Your Name and Title: Hassan Sattar (Managing Director)
School or Organization Name: Silver Oaks School
Co-Presenter Name(s): Sadaf Taimur
Area of the World from Which You Will Present: Pakistan
Language in Which You Will Present: English
Target Audience(s): Educationalists, Teachers, Curriculum Designers, Social Scientists
Short Session Description (one line):
CHANGING THE EARLY EDUCATION CURRICULUM TO INCLUDE MANDATORY LIFE SKILLS EDUCATION AS ONE PREVENTIVE INTERVENTION AGAINST AVOIDABLE MENTAL DISORDERS CAUSED BY INABILITY TO MANAGE STRESS AND FRUSTRATION
Full Session Description (as long as you would like):
Within the fast changing world of globalization and change, in Pakistan, there is a rapidly developing trend of anxiety and depressive disorders. Mirza & Jenkins in 2004, suggested that in urban Pakistan, the level of prevalence of such disorders is at 34% and is linked to relationship problems, financial difficulties and low educational level.
Given this alarming level of anxiety and depressive disorders and the evidence that intervention is mandatory for prevention, we have set about analyzing the role that educational institutions can play in developing tools, amongst young children, that will facilitate them in avoiding falling prey to suffocation and stagnation associated with instability and frustration. These tools, we have assumed, are skills associated with thinking and self-esteem, which are jointly called life skills. These skills, we believe, are indispensible for students to cope with diverse situations that pose ever changing challenges causing anxiety and depressive disorders.
Studies show that the positive family environments offer opportunities for personal autonomy and encourage nurturance of thinking skills, which are associated with the positive outcomes such as self-esteem, satisfaction with school and student teacher relations, self- reliance, positive school adjustment and advanced moral reasoning. Parental styles also affect self-esteem and overall personality of children. However, in most of the third world / developing countries, the parenting style is coercive, authoritarian and not aligned to the children needs for autonym and input. This kind of parental style is associated with self-consciousness and lowered self esteem. Stakeholders of education are recognizing that developing life skills in children, from an early age, is now a needed invention - developing self-esteem and thinking skills should be an affirmed objective of education as it enables the students to think for themselves.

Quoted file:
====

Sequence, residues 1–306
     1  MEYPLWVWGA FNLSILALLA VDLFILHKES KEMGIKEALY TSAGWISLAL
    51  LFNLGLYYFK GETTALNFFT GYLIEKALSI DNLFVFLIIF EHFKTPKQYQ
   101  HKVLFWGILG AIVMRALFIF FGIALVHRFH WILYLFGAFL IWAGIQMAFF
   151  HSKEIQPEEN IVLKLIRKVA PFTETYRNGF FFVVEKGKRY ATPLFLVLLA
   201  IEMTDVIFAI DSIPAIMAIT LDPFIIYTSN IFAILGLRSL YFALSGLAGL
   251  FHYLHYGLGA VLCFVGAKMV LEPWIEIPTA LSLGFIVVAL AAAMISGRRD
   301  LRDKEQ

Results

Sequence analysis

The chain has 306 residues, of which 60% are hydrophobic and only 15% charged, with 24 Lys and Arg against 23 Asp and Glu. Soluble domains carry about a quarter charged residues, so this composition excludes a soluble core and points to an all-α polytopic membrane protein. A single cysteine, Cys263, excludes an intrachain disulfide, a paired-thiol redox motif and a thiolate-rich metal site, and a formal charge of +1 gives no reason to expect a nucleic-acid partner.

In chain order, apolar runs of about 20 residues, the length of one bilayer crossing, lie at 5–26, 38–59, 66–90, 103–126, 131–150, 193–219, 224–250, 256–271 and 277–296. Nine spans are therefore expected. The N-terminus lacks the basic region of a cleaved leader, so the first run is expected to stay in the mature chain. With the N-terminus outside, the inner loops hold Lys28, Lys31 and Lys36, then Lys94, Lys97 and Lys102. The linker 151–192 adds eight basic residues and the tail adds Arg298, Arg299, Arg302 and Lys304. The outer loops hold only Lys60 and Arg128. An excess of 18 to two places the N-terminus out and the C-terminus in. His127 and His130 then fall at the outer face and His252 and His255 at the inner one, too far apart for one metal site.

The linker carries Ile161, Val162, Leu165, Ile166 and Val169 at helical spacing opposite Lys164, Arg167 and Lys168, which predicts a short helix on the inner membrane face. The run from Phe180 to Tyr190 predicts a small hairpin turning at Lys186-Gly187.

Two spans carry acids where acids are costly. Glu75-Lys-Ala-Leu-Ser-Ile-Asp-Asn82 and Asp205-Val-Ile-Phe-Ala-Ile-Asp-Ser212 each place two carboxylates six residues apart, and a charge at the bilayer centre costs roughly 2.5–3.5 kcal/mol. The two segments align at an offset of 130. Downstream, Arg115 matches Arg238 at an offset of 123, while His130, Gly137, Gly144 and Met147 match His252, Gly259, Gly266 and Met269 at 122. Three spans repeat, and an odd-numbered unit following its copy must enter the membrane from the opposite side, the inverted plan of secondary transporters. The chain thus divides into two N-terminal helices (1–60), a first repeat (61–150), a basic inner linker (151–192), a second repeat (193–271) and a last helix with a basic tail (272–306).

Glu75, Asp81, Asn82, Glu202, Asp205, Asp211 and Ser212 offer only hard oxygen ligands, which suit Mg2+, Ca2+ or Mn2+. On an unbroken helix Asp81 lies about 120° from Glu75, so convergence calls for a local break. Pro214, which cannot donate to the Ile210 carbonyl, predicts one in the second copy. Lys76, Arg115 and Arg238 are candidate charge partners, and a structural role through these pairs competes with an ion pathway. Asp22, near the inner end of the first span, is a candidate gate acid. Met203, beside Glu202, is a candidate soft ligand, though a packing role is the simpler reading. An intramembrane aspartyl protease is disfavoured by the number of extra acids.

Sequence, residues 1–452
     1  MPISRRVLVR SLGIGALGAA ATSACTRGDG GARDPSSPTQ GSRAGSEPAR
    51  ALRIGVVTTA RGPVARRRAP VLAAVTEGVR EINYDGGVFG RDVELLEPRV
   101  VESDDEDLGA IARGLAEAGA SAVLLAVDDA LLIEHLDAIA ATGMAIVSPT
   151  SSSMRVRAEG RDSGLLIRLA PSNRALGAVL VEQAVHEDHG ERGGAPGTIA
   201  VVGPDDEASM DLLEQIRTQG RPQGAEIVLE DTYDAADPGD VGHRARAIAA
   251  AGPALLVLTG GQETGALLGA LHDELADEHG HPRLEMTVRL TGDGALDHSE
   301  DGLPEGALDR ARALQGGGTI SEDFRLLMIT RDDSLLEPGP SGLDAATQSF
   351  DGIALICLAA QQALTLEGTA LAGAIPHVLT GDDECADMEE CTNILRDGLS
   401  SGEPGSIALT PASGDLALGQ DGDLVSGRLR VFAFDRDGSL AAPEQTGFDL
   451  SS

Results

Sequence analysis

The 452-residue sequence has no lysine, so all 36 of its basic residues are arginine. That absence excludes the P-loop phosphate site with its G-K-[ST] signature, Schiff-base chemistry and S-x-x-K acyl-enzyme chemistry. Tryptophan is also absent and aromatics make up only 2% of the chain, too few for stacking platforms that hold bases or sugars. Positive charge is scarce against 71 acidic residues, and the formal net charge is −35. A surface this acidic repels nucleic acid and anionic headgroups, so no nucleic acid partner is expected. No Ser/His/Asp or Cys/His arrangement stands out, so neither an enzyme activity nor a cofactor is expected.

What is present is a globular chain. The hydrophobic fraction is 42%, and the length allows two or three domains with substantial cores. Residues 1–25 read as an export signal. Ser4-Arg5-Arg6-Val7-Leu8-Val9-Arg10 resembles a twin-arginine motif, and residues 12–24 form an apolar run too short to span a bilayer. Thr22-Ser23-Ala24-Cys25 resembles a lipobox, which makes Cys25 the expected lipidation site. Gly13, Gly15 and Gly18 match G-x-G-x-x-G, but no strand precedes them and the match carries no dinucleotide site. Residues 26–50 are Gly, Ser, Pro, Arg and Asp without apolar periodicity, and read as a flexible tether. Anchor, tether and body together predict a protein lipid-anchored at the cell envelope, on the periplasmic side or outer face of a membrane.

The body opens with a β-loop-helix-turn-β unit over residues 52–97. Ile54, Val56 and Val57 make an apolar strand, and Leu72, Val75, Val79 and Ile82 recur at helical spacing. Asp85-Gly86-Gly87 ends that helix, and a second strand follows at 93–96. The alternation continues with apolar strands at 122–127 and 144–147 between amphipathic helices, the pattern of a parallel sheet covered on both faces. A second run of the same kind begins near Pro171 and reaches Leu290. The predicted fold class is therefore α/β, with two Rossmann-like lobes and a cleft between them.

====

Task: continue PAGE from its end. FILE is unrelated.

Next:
The natural next question, then, is when and how to work on shaping these life skills. This question has been answered by many social and natural scientists, where they suggested that early childhood (age 6-10) is the most crucial period of one’s life. Early childhood period is most significant because it provides a strong foundation for rest of the life. Intervention during early childhood can change the life (quality) trajectory of an individual. Through these years, children forge a personal identity, a self concept and an orientation toward achievement that will play a significant role in shaping their relative success in life. Children, especially in their early childhood period, have an ability to readily acquire knowledge and skills. In this process, education (and by extension, educational institutions) play a key role.
No substantial work has been done in Pakistan to develop thinking skills and self-esteem of the children. Higgins et al., in 2005, reported that only one such study has been conducted in Pakistan. Our study is an attempt to investigate the impact of structured, taught and activity based curriculum for life skills with focus on self-esteem and thinking skills. It is proposed that introducing a structured and well-researched program in the early school years, to develop self-esteem and thinking skills will play a significant role in preparing children for inclusive, reflective and productive citizenship.( We will share some activities, being practiced by the students during the presentation).
The proposal may be used to form the basis of prescriptive policy and law making for changing the early education curriculum to include mandatory life skills education as one preventive intervention against avoidable mental disorders caused by inability to manage stress and frustration.